Over the years, plastic products that've floated out into the oceans have been gradually drawn together by the world's currents, to form an enormous swirling mass of plastic in the Pacific Ocean. It's known variously as The Great Pacific Garbage Patch, North Pacific Gyre, Trash Vortex, and Plastic Graveyard - and has now grown to twice the size of Continental USA! Sounds too incredible to be true, yet the plastic mass can be seen from space, as this satellite pic shows.
Plastic waste is one of the most significant sources of marine pollution, making up 90% of all floating debris. Bottles, bags, balloons, net floats...you name it, it's out there, and a real problem for marine wildlife. Whales have been found starved to death with throats blocked by plastic buckets. Turtles feast on plastic bags, thinking they're jellyfish. Diving seabirds have been strangled by 6-pack beer can collars.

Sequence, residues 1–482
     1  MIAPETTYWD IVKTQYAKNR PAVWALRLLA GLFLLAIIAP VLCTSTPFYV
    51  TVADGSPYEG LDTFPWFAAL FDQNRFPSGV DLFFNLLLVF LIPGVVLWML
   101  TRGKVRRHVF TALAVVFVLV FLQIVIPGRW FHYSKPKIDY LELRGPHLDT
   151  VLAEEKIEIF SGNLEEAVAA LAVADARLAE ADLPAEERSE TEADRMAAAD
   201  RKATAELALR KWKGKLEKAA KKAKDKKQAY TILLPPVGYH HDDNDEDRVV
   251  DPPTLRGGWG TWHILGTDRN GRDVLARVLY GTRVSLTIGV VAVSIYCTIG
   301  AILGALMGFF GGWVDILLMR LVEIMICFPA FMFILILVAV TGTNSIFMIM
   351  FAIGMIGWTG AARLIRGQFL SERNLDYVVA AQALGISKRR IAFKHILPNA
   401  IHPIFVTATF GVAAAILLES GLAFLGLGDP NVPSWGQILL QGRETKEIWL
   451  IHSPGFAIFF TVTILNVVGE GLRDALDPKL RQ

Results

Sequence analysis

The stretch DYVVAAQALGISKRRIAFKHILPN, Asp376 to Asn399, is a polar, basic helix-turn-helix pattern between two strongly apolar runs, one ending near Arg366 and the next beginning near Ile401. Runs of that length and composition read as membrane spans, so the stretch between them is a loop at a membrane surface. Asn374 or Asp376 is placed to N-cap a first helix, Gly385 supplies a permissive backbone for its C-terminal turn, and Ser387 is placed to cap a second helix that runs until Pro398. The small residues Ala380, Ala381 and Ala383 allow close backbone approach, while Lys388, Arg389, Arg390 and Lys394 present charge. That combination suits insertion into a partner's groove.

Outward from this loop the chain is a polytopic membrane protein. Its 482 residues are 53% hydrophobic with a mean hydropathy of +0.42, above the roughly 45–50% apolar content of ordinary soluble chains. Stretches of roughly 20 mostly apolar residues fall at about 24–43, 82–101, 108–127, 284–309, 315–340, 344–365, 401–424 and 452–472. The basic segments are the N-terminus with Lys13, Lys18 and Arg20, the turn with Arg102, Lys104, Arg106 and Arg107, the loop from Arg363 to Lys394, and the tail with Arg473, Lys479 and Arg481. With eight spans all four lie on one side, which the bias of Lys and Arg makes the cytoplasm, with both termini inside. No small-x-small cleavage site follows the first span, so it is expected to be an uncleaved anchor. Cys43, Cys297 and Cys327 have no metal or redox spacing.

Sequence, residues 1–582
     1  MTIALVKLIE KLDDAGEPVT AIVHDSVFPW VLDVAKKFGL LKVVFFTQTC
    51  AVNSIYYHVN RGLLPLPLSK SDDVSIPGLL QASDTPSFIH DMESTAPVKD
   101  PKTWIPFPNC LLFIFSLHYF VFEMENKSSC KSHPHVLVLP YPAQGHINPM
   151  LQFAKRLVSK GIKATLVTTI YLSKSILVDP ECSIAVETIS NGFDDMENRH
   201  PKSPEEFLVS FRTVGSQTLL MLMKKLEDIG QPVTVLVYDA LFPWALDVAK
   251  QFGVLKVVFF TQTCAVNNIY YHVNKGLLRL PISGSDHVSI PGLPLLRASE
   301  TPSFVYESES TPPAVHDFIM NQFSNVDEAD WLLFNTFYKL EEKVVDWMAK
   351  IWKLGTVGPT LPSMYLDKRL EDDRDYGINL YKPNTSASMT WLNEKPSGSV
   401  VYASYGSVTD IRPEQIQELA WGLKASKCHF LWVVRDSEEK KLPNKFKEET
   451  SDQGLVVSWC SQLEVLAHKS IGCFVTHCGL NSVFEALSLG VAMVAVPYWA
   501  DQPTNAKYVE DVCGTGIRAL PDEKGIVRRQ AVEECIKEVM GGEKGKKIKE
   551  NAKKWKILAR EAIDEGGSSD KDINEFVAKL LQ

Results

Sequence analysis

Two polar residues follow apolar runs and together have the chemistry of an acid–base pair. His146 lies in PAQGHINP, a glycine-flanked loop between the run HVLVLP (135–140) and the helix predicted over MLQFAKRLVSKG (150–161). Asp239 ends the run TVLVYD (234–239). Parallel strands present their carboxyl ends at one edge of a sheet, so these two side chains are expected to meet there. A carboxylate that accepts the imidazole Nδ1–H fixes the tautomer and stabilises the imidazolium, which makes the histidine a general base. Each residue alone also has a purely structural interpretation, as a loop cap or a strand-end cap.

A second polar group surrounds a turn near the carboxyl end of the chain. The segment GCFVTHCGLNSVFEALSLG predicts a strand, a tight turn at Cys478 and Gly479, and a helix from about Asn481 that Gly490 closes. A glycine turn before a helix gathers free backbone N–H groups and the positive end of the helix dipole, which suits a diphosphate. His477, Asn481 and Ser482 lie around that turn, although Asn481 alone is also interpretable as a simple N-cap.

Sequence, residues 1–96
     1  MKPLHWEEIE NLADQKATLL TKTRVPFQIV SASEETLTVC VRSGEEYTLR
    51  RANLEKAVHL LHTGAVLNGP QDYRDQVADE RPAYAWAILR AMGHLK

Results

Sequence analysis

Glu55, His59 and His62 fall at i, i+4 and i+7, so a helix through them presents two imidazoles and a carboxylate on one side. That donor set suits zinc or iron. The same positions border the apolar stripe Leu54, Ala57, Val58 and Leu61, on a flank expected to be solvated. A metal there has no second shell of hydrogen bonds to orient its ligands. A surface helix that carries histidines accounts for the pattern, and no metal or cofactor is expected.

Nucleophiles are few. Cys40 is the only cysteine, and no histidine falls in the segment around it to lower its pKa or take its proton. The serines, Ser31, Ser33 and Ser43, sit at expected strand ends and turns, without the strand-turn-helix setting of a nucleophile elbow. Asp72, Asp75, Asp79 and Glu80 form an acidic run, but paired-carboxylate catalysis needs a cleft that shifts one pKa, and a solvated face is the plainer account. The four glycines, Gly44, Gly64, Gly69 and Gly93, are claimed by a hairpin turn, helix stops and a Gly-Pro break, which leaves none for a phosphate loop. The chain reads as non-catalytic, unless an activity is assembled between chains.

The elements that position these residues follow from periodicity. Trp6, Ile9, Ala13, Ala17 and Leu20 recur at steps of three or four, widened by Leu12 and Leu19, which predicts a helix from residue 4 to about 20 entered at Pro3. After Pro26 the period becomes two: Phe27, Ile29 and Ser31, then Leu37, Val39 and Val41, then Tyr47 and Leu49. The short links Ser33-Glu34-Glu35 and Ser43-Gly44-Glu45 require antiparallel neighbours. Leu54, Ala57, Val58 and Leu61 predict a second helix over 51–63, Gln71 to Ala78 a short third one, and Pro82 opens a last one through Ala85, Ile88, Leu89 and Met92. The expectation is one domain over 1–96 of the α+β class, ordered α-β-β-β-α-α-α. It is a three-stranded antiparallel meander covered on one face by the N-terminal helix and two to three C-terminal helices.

The plastic is also churned into smaller pieces as it swirls about, and then consumed by fish. The chemicals in the plastic enter the food chain, and we eventually consume tasty carcinogens like DDT and PCBs!
To help document The Great Pacific Garbage Patch, the marine research and education organisation Algalita built a boat from recycled plastic bottles (15-20,000!) and sailed it from California to Hawaii. Click here for a slideshow of the Garbage Patch and a 4min.video clip......or here for the video clip alone.
Many NZers actively recycle plastics, so what more can we do? Avoid supermarket plastic by using your own bags. Write to your local MP (a real letter looks so much better than an email), requesting initiatives that encourage industry to move into recycling - and penalise those that can but won't. Praise companies using recyclable plastic packaging. Choose products that're packaged in glass or recyclable plastic (Grades 1 and 2: look for the little triangle code on the package).
Reduce - reuse - recycle - respect.
Or not give a damn: it's up to you.
PS: - See also my post of 24 April 2010 for more details and links...